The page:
Plagiarism: Consider the Context

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Science  14 Aug 2009:
Vol. 325, Issue 5942, pp. 813-814
DOI: 10.1126/science.325_813c

There should be no doubt that any form of covert duplication of data represents a serious threat to the integrity of the scientific record (“Plagiarism sleuths,” J. Couzin-Frankel and J. Grom, News Focus, 22 May, p. 1004). Duplication and other types of redundancy (such as “salami publication”) are a source of great concern for science journal editors (1). In that regard, Skip Garner's eTBLAST and his Déjà vu site should be viewed as a welcomed addition in the arsenal to combat and prevent possible scientific misconduct.

The issue of wholesale reuse of an author's previously published text is slightly more nuanced. It is understandable when non-native authors with limited English skills engage in this behavior, particularly when they have received poor relevant guidance. While adhering to a single set of clear, ethical standards equally applicable to all, we also must recognize that each case is unique and should be treated accordingly. In contrast, substantial text reuse by experienced authors who hold a full command of the language is inexcusable and should not be tolerated. An exception might be made for methodology sections because these contain very complex, technical descriptions of materials and procedures that are often difficult to paraphrase (2). Even slight changes to the wording of these sections could potentially lead to subtle misinterpretations of how an experiment was conducted. However, the underlying assumption in this argument—that previously published methods sections are so well written that they cannot possibly benefit from additional clarification or elaboration—is often unwarranted (3).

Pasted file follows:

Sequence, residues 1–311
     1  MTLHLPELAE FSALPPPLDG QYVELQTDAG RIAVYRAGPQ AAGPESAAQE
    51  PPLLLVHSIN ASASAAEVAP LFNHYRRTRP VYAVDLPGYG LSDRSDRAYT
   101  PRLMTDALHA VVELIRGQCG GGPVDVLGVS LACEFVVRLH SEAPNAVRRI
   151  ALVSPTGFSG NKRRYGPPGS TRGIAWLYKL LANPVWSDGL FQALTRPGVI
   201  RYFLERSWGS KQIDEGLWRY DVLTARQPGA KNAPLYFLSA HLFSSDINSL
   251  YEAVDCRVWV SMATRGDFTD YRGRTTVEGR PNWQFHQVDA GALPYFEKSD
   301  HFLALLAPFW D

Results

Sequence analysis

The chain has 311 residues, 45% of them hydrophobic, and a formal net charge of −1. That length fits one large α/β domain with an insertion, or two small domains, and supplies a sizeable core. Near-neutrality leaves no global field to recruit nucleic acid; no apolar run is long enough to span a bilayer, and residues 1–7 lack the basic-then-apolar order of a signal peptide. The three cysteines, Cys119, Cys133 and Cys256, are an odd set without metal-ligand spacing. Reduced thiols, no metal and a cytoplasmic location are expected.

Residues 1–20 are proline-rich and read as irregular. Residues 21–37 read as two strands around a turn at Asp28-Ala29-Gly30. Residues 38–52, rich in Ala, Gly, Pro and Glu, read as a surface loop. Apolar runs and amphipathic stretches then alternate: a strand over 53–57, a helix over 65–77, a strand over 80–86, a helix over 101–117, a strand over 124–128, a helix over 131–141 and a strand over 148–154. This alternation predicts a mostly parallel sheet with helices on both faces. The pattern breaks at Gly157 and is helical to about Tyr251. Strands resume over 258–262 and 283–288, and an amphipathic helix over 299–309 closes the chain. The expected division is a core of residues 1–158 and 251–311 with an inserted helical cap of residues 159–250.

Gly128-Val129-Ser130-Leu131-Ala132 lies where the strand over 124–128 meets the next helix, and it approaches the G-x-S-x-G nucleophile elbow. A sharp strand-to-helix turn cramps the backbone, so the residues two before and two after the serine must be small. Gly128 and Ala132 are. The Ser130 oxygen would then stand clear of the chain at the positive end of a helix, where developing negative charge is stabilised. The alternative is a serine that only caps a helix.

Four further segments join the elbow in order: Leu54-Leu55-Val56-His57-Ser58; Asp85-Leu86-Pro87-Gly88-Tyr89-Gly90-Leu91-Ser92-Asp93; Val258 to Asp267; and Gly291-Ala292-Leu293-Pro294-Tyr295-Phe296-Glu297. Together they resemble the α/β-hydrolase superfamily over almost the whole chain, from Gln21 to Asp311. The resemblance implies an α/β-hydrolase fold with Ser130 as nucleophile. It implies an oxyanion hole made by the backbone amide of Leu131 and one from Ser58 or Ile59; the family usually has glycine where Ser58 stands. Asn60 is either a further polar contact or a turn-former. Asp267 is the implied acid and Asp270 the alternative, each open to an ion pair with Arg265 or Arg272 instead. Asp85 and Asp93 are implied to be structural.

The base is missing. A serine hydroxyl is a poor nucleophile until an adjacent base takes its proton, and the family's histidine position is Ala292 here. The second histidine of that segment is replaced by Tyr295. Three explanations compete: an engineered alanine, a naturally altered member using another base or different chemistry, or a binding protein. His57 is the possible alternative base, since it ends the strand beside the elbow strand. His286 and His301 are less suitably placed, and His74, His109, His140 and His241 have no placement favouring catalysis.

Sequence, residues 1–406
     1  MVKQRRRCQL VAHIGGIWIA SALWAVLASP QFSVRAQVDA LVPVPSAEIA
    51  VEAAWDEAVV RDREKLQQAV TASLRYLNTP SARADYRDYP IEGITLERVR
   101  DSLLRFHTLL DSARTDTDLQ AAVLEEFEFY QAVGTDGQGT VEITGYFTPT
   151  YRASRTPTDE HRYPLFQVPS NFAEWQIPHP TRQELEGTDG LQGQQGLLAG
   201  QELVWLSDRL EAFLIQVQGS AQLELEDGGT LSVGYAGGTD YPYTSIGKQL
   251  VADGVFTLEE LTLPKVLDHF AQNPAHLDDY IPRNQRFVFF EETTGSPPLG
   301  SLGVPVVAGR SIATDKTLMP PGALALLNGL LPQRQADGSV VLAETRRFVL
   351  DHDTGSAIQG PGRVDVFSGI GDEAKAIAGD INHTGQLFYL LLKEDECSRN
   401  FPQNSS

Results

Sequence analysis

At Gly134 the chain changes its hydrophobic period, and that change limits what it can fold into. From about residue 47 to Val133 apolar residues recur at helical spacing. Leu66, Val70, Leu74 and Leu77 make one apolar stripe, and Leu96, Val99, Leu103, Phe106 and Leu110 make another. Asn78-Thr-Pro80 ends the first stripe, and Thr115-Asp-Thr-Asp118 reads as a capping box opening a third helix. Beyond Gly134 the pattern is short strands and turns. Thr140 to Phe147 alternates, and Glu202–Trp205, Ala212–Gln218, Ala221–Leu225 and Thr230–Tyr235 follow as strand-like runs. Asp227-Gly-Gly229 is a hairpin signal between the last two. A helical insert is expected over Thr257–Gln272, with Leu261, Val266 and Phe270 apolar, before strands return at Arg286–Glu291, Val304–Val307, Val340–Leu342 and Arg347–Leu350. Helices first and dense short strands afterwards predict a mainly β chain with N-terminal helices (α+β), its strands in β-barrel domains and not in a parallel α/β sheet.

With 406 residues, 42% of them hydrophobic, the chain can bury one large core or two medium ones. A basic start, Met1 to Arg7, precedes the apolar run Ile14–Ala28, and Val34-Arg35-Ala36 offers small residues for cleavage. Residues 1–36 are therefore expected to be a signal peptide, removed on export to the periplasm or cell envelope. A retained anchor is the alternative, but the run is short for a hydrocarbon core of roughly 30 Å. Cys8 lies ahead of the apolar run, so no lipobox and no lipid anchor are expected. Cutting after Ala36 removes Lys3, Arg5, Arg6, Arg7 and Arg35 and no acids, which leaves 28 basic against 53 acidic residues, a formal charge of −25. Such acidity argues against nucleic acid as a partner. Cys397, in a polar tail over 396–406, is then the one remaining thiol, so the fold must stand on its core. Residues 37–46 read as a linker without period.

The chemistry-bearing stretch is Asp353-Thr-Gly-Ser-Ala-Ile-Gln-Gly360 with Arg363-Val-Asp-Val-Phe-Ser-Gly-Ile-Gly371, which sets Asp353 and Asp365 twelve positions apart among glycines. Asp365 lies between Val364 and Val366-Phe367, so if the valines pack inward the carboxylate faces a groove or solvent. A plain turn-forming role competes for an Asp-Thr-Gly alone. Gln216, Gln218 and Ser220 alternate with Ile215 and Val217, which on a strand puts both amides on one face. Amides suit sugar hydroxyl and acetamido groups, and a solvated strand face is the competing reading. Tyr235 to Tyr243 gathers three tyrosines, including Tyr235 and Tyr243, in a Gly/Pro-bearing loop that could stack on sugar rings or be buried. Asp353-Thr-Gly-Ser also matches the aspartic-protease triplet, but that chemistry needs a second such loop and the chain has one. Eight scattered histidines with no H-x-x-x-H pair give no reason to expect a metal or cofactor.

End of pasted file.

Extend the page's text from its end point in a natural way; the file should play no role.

Practices such as patchwriting and authors' recycling of their previously published text should not just be regarded as questionable—they should be unequivocally classified as inappropriate scholarship (4).


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